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Discussion Forum : News and Current Events : Christians take 'beliefs' fight to European Court of Human Rights

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 Re: Rethinkibg the ussue

After praying for these cases last night on our persecution watch call. I have had to rethink this issue.. One brother pointed out that the cases represent an attempt in Great Britain to force Christians to practice their faith in private and keep it out of the public. I suppose it is not the magnitude of the case itself. But as to what the cases are representing. That is the prevailing hostile demonic attitude toward the things of Christ.

I would agree that this may be more religious discrimination than persecution. But we are seeing a political correctness taking root in Western Europe and developing in this country. Moslems and other faiths are allowed to express their faiths but Christians are being marginalized out of the public sector. And this being in the West.

Again it is not so much the wearing of crosses or displaying Christian symbols that is the issue. But the hostile attitude behind it. We are certainly seeing that displayed in this country.

On further reflection I would support these sisters taking their redress to the EU court. Not so much to gain justice for their cause. But to bring attention to the discrimination of Christians around the world. In o words to expose the devil's plot. Even if the sisters lose their case. World attention may be focussed on the hostility being shown to Christians by western governments.

Just my thoughts.


 2012/9/5 8:31

Joined: 2008/9/26
Posts: 73
South Yorkshire, UK


It has saddened me, as a Brit, that the media focus on Christians, already unsavoury enough, has picked up on these cases. When you hear Wurmbrand it pales into insignificance.

Are the biggest concerns of God's people today their right to wear certain things? I personally wouldn't involve the courts - let life be a witness, and if that loses us our jobs then so be it, but only for God, not for something we think we have a right to.

Ginnyrose - I agree this may defy an absolute answer. My concern is that this may divert the attention of His children when we ought to be dealing with things closer to His heart.

Jamie Adam

 2012/9/5 8:35Profile

 Re: Menderfonets

I am in agreement that the wearing of crosses is pretty trivial in and of itself. And personally I do not see that a Christian can get redress from secular courts. But the hostility of western governments toward Christians needs to be exposed.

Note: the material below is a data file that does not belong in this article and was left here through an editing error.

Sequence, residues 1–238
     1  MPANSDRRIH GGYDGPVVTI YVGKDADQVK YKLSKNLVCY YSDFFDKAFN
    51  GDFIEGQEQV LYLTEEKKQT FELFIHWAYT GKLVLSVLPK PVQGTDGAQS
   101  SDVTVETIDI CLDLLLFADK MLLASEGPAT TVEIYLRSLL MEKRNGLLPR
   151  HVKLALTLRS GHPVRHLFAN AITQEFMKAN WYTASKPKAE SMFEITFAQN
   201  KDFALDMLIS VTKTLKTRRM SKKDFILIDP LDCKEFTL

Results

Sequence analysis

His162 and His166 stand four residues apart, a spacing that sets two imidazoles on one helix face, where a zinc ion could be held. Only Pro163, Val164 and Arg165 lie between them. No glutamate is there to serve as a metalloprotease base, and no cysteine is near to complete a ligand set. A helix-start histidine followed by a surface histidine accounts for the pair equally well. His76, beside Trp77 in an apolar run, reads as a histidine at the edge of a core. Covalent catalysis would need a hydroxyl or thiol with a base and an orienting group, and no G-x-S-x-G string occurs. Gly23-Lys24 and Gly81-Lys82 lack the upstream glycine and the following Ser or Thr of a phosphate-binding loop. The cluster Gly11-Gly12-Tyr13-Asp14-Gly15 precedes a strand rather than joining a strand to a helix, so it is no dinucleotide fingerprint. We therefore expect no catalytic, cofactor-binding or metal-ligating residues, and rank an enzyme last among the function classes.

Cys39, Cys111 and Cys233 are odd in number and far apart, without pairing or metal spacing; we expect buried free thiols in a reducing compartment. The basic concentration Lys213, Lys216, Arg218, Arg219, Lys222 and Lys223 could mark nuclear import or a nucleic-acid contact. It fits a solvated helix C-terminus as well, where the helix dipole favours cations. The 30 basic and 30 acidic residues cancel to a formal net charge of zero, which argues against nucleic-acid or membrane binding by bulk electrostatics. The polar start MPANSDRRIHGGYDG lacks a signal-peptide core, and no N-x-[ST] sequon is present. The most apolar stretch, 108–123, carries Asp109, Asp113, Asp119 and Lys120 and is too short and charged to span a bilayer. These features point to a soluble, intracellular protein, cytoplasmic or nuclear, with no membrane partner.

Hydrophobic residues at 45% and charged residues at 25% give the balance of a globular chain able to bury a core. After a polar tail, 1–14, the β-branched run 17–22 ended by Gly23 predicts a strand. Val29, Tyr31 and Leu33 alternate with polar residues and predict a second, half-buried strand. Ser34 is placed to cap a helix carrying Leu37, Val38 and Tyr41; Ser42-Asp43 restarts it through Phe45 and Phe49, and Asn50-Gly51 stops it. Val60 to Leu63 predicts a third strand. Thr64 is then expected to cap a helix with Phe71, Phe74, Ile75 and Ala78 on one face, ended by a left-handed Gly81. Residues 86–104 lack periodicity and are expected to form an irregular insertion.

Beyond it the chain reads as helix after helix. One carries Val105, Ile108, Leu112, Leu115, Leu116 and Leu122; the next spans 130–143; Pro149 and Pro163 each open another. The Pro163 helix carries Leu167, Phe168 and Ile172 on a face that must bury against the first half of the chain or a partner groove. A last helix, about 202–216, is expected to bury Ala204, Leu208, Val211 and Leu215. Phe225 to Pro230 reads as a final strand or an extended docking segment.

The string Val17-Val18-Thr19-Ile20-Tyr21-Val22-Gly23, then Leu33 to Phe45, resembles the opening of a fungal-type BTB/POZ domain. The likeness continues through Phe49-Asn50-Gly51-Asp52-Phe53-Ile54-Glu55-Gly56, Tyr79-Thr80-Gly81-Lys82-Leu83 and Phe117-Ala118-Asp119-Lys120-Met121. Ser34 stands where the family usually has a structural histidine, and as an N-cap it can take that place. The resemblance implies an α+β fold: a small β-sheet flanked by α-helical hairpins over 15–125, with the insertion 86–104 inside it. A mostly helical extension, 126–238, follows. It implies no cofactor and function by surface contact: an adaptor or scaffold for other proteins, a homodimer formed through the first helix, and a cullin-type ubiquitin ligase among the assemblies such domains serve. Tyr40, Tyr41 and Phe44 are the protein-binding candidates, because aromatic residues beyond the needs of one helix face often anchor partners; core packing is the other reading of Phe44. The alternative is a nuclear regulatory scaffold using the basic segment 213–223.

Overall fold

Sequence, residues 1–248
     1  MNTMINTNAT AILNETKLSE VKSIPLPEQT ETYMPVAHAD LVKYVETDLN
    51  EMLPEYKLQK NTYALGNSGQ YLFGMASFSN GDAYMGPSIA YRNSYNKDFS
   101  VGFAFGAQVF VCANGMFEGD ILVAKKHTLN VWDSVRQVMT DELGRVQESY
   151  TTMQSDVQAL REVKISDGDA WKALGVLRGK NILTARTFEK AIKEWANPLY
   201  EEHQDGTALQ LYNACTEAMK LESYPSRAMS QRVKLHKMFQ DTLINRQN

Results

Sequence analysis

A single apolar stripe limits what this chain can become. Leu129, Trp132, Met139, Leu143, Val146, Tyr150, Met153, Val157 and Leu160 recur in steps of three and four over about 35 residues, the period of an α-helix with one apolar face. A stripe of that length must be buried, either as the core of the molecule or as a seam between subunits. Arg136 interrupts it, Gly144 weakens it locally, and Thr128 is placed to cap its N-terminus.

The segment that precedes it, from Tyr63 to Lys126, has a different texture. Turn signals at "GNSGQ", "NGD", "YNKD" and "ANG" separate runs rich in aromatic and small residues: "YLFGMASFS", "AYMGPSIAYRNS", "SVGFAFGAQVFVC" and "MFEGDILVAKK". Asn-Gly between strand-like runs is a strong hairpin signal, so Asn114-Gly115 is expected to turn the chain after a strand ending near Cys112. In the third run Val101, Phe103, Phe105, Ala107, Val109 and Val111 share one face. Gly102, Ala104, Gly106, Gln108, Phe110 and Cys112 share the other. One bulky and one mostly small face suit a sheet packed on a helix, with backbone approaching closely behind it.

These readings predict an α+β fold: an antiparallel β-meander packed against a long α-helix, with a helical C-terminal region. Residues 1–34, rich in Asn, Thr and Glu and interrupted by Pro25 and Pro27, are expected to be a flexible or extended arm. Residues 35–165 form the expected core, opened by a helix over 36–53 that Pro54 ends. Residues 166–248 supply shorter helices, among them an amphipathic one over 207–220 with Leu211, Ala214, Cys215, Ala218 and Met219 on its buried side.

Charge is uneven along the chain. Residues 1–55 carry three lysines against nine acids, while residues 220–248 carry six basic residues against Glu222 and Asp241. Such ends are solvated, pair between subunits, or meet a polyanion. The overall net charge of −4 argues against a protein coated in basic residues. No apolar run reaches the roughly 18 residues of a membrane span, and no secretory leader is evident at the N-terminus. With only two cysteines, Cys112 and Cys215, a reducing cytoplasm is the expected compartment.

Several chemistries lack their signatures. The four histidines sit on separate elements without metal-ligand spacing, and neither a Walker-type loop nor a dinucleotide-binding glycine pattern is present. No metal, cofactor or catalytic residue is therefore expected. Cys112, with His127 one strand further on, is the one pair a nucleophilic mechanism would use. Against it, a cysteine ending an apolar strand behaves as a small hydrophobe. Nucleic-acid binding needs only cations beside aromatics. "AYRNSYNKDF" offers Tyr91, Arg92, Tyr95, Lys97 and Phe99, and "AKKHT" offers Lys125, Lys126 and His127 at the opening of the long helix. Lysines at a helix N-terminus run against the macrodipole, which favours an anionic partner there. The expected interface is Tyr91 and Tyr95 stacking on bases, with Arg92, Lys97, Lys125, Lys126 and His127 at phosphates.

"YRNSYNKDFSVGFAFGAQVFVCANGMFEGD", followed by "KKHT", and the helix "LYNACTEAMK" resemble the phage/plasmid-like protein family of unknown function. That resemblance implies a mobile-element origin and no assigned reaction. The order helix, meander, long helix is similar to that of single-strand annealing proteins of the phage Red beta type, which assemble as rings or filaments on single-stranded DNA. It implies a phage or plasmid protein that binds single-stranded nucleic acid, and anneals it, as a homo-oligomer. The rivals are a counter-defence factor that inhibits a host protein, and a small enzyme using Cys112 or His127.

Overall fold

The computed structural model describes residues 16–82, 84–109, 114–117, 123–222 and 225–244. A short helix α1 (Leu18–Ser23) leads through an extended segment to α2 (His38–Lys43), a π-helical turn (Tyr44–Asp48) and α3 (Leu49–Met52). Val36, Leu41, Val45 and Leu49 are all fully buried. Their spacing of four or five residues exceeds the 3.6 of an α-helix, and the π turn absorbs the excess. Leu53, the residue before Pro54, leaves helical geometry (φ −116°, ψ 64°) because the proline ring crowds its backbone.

I agree that persecution is coming and we cannot escape it. But let the light be shed on what the enemy is doing. If they are going to persecute us by jail and death. Then let it be done in the light as a public witness of Jesus Christ.

Just my thoughts.


 2012/9/5 8:49


Again I am reminded of Daniel. There was a command that prayer would not be done in public. Daniel could have prayed in private. But he opened his window toward Jerusalem and prayed where everybody saw him. And you know the rest of the story.

The early disciples were commanded to not preach Jesus in public. But they chose to obey God rather than men.

Just reflecting on these truths.


 2012/9/5 9:11

Joined: 2008/4/12
Posts: 1306
Hampshire, UK


We seemed to have focused on the two cross wearing cases, but let's not forget the other two persons.

One, a marriage councilor refused to give marriage council to a homosexual couple and the other a registrar of marriages refused to marry same sex marriages. So the outcome is that Christians cannot work in certain employments because they will be forced to do things they just cannot. When you put this together with other things like adoption agencies and foster carers having to accept and even encourage homosexuality then you can see this is a much bigger picture we are looking at.

Bearmaster: I'm not sure that Daniel praying in Babylon or the disciples continuing to preach is an example of the same thing. They chose to continue to obey God and accept the consequenses. They did not appeal to a government court to allow them to continue...they appealed to the highest authority, which is God.

I think it is a good point that these people are at least taking a stand and being seen.

One other thought I had was about people such as Richard Wurmbrand. We regard him rightly as a Christian who suffered greatly for His Lord. However in Romania at that time most people (apart from the Christians) would have considered him a criminal of the state, because that is how it would have been seen. It will be the same for us if we suffer persecution. The world won't look at us and say 'look at Him suffering for Christ'. They will consider us to be the refuse of society, intolerant, biggots, and enimies of (what they consider) good.


 2012/9/5 10:53Profile

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